There are reasons beyond environmental concerns to invest now in water-conserving irrigation technology and plantings, says Restuccia. “I think that, in the future, people are going to be allocated a certain amount of water for their property, and if they go over that amount, they’ll have to pay tremendous fees,” he explains. This approach of using water budgets and financial penalties would essentially force changes in plant choice, as well as reductions or changes in the amount and type of turfgrass used, he notes. Landscapers who help their clients modify landscapes now will be in a much better position than if the property owner decides to simply remove turf or landscape plantings altogether in response to rising water bills. Restuccia says he’s even seen landscape maintenance bids from HOA or commercial sites that require an estimate of the amount of gallons of water the landscaper feels will be needed to maintain the grounds – a factor that’s considered when awarding the bid.

For landscapers who need help in identifying ways to conserve water for customers, “Many water agencies around the U.S. will offer customers free water audits. These water agencies are great resources,” emphasizes Restuccia. “If landscape contractors are able to partner with those water agencies for those audits, that will be very beneficial for their customers.” This is a particular opportunity, he notes, for smaller landscape contractors who might not have the time, manpower or experience to conduct such a water audit by themselves, but who can help arrange an outside audit that will benefit their clients. In addition to helping the property owner save money on monthly water bills, there are sometimes rebates offered by water agencies to cover the cost of the equipment needed to improve irrigation performance.


A certified irrigation specialist can analyze which areas of a landscape use the most water and create a customized plan that achieves the highest level of water conservation through improved scheduling and reduced maintenance.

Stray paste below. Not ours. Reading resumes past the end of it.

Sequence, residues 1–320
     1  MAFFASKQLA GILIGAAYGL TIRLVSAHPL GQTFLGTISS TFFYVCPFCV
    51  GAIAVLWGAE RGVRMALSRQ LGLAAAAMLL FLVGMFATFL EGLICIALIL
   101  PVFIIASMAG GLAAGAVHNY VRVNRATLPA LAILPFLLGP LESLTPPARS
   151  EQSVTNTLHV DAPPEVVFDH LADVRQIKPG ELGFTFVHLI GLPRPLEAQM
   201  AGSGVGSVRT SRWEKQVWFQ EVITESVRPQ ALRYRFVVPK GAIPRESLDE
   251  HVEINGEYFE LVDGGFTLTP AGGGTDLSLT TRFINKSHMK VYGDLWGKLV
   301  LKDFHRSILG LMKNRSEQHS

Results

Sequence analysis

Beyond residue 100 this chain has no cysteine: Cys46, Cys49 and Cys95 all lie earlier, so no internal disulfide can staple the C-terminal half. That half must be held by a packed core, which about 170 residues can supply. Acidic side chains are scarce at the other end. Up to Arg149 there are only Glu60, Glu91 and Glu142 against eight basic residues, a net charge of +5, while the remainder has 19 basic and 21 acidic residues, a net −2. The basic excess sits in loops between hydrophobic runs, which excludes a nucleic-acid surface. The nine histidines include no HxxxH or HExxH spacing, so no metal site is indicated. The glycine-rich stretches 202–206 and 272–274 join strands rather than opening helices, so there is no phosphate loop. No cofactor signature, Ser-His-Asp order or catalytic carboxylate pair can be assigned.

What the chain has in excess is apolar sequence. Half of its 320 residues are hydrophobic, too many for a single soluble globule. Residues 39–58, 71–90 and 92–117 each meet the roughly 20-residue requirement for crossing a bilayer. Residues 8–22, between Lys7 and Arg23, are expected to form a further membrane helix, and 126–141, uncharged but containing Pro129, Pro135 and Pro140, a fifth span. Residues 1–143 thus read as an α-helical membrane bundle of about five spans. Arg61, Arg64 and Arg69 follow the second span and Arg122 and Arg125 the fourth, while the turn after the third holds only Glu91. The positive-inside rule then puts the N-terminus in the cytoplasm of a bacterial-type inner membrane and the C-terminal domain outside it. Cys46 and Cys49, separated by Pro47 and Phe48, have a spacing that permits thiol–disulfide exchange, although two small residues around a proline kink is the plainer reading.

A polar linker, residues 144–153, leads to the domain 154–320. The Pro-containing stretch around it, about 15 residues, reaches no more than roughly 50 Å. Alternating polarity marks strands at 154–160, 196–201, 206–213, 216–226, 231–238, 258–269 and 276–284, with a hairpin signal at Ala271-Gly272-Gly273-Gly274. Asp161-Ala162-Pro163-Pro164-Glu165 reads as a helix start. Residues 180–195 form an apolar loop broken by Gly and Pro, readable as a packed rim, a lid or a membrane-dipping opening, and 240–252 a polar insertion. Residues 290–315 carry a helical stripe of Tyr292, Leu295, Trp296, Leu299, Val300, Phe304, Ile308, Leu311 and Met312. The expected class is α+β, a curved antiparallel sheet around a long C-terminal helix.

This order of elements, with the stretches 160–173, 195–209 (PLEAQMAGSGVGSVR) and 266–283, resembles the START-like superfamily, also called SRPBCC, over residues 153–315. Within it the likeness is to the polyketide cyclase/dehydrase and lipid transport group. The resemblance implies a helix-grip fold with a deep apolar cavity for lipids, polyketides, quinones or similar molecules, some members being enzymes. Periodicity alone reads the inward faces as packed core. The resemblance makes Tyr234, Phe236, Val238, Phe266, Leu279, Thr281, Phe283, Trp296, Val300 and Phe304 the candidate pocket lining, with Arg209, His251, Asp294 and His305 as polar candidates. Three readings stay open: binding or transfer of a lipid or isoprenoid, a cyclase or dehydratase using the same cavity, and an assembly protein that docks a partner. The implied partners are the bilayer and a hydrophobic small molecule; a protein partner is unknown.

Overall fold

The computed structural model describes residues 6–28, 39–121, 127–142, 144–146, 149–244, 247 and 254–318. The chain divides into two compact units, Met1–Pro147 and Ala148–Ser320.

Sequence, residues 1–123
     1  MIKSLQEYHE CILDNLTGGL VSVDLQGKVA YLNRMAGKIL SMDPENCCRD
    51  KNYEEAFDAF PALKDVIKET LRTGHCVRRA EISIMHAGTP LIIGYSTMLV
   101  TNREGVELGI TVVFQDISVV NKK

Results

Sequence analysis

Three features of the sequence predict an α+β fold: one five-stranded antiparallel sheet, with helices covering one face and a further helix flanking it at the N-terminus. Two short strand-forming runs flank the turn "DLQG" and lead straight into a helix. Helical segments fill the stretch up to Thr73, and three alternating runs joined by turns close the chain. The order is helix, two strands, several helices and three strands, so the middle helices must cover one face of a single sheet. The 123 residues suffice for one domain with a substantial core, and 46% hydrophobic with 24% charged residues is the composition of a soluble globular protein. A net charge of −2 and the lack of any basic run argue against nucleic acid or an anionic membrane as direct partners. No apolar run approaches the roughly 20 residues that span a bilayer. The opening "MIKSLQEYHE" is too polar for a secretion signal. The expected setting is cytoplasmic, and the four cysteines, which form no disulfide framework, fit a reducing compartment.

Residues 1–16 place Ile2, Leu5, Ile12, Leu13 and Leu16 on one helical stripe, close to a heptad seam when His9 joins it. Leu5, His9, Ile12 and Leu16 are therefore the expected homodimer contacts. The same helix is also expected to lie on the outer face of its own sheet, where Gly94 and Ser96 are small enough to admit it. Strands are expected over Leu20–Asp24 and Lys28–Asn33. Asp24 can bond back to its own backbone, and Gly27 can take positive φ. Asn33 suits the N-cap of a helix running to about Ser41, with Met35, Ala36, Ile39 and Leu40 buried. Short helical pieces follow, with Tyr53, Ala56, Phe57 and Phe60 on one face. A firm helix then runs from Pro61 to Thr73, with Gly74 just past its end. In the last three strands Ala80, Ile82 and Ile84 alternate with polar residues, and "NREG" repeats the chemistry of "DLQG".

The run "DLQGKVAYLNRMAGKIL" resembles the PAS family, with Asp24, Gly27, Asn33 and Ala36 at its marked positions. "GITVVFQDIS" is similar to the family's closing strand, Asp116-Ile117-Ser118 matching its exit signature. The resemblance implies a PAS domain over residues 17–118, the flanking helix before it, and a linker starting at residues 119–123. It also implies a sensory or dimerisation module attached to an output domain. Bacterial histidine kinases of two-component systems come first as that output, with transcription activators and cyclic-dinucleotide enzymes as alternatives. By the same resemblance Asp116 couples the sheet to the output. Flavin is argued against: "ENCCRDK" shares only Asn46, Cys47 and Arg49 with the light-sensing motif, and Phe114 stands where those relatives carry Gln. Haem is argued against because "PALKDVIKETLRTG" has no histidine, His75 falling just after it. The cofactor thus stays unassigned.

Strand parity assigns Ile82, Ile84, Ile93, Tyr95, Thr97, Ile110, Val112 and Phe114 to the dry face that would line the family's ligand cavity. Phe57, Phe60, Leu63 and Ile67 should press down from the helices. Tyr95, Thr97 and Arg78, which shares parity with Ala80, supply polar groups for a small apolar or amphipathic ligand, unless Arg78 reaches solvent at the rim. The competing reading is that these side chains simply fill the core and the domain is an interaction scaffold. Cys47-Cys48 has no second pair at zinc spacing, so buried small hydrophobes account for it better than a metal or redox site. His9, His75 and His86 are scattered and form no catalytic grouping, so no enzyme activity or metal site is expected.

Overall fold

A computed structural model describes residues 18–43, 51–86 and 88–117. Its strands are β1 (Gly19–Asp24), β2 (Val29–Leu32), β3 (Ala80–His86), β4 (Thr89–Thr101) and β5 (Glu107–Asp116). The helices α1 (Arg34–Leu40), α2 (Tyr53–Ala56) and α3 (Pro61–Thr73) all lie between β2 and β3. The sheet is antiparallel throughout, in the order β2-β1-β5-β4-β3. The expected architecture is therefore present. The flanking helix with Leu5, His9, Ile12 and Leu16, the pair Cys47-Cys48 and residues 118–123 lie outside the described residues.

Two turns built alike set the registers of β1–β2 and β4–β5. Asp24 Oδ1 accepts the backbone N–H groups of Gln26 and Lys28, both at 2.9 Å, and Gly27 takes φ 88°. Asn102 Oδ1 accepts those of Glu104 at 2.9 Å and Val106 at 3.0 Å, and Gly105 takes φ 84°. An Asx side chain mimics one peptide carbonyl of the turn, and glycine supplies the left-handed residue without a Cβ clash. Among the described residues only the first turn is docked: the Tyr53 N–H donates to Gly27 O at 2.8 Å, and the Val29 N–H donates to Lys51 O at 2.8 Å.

In addition, “Landscape contractors really should, at least on a monthly basis, do a ‘wet check’ of the irrigation system. A lot can happen in a month, and you might see things like rotors that have gotten out of adjustment, spray heads that are clogged and so on,” Restuccia advises. It’s another opportunity for landscape companies to set themselves apart from the competition by doing a little extra work to save their clients money.

The landscape industry as a whole also needs to be proactive in helping to conserve water, or risk the effective elimination of landscaping by way of regulation. “We as an industry have so much to gain by helping people to conserve water,” says Restuccia. “If you look at the numbers, you see that more than 50 percent of the water used in urban environments goes to landscape uses. If we, as an industry, don’t police it and take care of it and innovate, then the regulators are going to have to create laws to do that.”

As a member of the Irrigation Association’s government regulatory affairs committee, Restuccia has heard first-hand from legislators about the opportunity the green industry has to take control of water conservation issue. “What I’ve clearly heard from the offices of all the members of Congress I’ve met with is that they want the industry to drive and lead water management. [The lawmakers] don’t want to do it, and they have no plans to do that because they have faith in the industry,” he states. “This is our chance to take control and lead, and make an impact.”


An extensive water management program may include conversion of conventional irrigation controllers to ET-based technology, which can result in rebates from local water municipalities and significant water savings.

Instead of being nagged about conserving water, or regulated into submission, there is evidence the green industry itself can step forward to lead the way.

Patrick White is a freelance writer and editor who has covered every aspect of the green industry in the past 15 years. He is based in Middlesex, Vt., and is always on the lookout for unusual stories.